Owen Aherne and his Dancers
A strange thing surely that my Heart, when love had come unsought
Upon the Norman upland or in that poplar shade,
Should find no burden but itself and yet should be worn out.
It could not bear that burden and therefore it went mad.
The south wind brought it longing, and the east wind despair,
The west wind made it pitiful, and the north wind afraid.
It feared to give its love a hurt with all the tempest there;
It feared the hurt that she could give and therefore it went mad.
I can exchange opinion with any neighbouring mind,
I have as healthy flesh and blood as any rhymer’s had,
But O! my Heart could bear no more when the upland caught the wind;
I ran, I ran, from my love’s side because my Heart went mad.
The Heart behind its rib laughed out. “You have called me mad,” it said.
“Because I made you turn away and run from that young child;
How could she mate with fifty years that was so wildly bred?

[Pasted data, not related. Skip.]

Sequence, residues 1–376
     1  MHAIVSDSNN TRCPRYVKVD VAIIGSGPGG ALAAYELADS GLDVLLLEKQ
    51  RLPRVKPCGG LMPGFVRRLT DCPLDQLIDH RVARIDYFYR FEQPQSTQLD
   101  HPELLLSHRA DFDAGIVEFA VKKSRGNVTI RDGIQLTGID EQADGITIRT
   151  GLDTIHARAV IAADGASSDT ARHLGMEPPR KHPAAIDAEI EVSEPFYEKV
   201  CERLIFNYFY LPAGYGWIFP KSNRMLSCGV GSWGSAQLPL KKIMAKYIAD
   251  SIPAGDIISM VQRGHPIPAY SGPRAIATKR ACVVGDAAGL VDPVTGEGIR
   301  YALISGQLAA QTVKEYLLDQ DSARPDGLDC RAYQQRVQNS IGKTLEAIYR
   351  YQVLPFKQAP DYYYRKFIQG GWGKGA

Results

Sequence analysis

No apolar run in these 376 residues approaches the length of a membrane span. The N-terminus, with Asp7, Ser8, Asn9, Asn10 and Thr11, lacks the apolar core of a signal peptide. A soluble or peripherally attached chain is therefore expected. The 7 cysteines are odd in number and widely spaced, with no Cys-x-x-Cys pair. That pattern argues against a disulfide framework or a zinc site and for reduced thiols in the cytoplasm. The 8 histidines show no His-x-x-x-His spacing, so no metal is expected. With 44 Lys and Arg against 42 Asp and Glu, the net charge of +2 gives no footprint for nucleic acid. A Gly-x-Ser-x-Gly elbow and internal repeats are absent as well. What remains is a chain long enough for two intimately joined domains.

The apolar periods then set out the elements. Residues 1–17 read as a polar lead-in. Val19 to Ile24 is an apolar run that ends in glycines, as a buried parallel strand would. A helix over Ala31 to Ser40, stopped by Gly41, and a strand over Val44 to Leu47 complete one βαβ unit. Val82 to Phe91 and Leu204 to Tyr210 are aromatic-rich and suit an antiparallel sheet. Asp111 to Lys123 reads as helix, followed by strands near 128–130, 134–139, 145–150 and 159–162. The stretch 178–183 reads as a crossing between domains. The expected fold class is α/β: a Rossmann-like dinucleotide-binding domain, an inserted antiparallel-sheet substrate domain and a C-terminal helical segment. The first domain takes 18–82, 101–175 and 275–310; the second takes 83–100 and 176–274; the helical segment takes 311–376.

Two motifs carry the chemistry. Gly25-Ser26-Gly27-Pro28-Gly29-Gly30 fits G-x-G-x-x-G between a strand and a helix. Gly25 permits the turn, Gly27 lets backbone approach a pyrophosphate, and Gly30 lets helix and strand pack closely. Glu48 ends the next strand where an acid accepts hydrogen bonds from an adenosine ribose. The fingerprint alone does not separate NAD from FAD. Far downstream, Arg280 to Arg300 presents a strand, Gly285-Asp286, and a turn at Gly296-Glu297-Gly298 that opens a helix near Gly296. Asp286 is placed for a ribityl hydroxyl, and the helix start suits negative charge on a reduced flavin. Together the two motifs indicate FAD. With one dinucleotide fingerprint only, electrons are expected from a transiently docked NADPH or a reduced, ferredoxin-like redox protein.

Let the cage bird and the cage bird mate and the wild bird mate in the wild.”
“You but imagine lies all day, O murderer,” I replied.
“And all those lies have but one end, poor wretches to betray;
I did not find in any cage the woman at my side.
O but her heart would break to learn my thoughts are far away.”
“Speak all your mind,” my Heart sang out, “speak all your mind; who cares,
Now that your tongue cannot persuade the child till she mistake
Her childish gratitude for love and match your fifty years?
O let her choose a young man now and all for his wild sake.”
A Closer Look: Tracking Major Changes
W.B Yeats’ “Owen Aherne and his Dancers” first appeared in The Dial in November 1920 and the title appeared before July 1929 when the periodical ceased production. In addition, it appeared in The Cat and the Moon and Certain Poems (1924) where two sections were left unnumbered, originally titled “The Lover Speaks” and “The Heart Replies.”